When tourism meets activism
Anthropology professor to study communities of escaped Brazilian slaves
1:26 p.m., March 4, 2014--In 1988, exactly 100 years after slavery was outlawed in Brazil, the country ratified its constitution, granting land rights to descendants of escaped African slaves whose ancestors had formed independent communities (often mixed with indigenous and Europeans) outside the plantation system throughout the country.
While anthropologists and historians estimate the existence of more than 3,000 such communities known as quilombos only 1,342 are recognized by the federal government and substantially fewer have titles to their land.
Making Delaware home
In this ongoing fight for land that spans centuries, a relatively new development has emerged in Brazil: quilombo tourism.
“These are very independent communities,” explains Carla Guerrón Montero, associate professor of anthropology. “Depending on the particular historical circumstances, tourism may help bring to public attention their struggle to gain access to their land.”
The struggle itself is a complex political process, in which communities must apply to the federal government for land rights while proving through history, archeology, anthropology, and a host of other means that their communities are, in fact, composed of quilombolas, or descendants of quilombo communities.
Adding to the complexity is the location of many quilombos, often settled in remote areas that have since become prime sites for commercial and real estate developers.
Guerrón Montero, whose research examines the African diaspora, the anthropology of tourism, and the anthropology of food, is particularly interested in the role tourism will play in quilombo cultures as well as its legal and political implications for land rights and citizenship. (While quilombolas are indeed legal citizens of Brazil, Guerrón Montero argues that they are not treated like citizens since they do not benefit fully from their rights).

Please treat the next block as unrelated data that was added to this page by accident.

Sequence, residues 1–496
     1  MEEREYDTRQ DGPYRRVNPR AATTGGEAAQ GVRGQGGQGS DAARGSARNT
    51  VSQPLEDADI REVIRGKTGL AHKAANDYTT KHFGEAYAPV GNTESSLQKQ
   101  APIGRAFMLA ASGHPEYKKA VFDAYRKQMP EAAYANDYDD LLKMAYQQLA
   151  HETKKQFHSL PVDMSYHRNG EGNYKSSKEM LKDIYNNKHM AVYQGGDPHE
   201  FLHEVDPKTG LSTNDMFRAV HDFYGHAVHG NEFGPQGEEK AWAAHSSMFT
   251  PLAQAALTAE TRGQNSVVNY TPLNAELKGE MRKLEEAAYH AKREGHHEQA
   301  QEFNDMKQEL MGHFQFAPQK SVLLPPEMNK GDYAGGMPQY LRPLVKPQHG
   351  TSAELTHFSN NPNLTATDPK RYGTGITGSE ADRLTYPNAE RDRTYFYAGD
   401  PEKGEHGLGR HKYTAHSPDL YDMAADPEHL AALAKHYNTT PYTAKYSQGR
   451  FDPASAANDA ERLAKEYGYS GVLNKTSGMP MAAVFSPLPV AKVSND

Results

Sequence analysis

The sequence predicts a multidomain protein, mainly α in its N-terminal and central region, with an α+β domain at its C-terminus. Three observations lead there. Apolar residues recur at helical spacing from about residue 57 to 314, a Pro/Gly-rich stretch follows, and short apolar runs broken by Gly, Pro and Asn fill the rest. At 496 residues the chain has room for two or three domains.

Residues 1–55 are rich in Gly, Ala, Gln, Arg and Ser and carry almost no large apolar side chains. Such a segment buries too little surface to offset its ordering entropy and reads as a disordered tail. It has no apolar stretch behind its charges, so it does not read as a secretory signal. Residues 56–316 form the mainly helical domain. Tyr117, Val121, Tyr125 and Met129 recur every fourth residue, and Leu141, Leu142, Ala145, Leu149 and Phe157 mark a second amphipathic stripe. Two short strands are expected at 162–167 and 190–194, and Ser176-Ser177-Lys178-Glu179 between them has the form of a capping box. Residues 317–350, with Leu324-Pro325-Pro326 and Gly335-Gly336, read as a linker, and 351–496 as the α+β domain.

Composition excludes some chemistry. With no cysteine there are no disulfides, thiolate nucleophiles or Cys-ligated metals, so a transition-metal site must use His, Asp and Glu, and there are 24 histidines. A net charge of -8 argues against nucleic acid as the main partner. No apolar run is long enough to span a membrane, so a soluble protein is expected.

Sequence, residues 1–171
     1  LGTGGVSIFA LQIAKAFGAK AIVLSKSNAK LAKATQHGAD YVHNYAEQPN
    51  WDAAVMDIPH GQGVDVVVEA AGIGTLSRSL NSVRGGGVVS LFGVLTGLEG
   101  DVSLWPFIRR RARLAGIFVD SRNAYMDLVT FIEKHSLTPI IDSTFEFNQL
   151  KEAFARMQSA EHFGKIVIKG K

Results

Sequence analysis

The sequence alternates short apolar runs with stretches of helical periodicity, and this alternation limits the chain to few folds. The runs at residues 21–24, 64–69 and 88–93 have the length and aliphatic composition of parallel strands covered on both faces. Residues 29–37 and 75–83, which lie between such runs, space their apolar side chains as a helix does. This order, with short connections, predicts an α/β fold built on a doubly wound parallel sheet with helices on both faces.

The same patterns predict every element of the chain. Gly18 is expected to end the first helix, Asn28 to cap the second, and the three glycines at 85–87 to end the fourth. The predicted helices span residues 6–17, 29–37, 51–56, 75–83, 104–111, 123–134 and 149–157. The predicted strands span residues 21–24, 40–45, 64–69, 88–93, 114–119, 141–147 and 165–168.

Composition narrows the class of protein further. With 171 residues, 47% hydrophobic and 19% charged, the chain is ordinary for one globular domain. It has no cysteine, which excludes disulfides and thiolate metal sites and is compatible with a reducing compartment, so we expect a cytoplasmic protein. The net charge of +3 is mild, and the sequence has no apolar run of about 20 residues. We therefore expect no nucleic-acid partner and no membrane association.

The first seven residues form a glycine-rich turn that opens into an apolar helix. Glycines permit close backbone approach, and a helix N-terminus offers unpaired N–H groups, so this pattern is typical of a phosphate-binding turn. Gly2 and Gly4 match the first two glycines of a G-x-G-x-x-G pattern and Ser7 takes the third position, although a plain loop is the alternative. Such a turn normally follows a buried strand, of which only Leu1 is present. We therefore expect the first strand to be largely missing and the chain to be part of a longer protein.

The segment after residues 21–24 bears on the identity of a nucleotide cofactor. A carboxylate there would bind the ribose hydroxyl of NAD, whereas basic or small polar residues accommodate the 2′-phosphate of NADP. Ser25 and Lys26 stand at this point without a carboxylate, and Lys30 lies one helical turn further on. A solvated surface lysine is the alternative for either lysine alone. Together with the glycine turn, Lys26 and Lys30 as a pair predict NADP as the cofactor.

Funded by a Fulbright Award, she will spend four months living with two communities in the state of Rio de Janeiro, one a highly touristed and officially recognized quilombo, the other relatively untouristed and still officially unrecognized.
She will also collaborate with scholars from the Museu Nacional of the Universidade Federal do Rio de Janeiro (UFRJ), where she plans to train a few anthropology students in research methods.
“As anthropologists, we strive to understand how peoples construct and understand their lives and historical experiences,” says Guerrón Montero, who will travel to Brazil this September. “It is my hope,” she adds, “that this research and scholarship can make a real and measurable impact in the quilombola quest for land and citizenship.”
Article by Artika Rangan Casini
Photos courtesy of Carla Guerrón Montero